Ginger Thompson is a senior reporter at ProPublica. A Pulitzer Prize winner, she previously spent 15 years at The New York Times, including time as a Washington correspondent and as an investigative reporter whose stories revealed Washington’s secret role in Mexico’s fight against drug traffickers.
Thompson served as the Mexico City Bureau Chief for both The Times and The Baltimore Sun. While at The Times, she covered Mexico’s transformation from a one-party state to a fledgling multi-party democracy and parachuted into breaking news events across the region, including Cuba, Haiti and Venezuela.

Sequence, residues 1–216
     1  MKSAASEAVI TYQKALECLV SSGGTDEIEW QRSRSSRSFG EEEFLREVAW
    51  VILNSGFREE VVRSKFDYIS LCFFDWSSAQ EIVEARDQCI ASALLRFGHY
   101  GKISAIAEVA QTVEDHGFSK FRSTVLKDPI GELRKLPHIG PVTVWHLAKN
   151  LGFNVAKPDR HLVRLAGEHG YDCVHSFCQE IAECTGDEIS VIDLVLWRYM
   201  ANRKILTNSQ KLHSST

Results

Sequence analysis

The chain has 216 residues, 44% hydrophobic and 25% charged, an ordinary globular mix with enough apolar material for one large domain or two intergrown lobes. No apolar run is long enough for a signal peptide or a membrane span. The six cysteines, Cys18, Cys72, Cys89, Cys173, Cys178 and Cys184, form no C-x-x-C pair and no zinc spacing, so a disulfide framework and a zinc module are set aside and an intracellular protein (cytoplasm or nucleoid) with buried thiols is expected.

For her work in the region, she was a finalist for The Pulitzer’s Gold Medal for Public Service. She won the Maria Moors Cabot Prize, the Selden Ring Award for investigative reporting, an InterAmerican Press Association Award, and an Overseas Press Club Award. Thompson was also part of a team of national reporters at The Times that was awarded a 2000 Pulitzer Prize for the series “How Race is Lived in America.”
Thompson graduated from Purdue University, where she was managing editor of the campus newspaper, The Exponent. She earned a Master of Public Policy from George Washington University, with a focus on human rights law.
Over eggs at a San Antonio café, a reporter listens as former law enforcement officials and one ex-drug cartel operative swap theories about El Chapo’s latest escape and what it says about the U.S. and Mexico.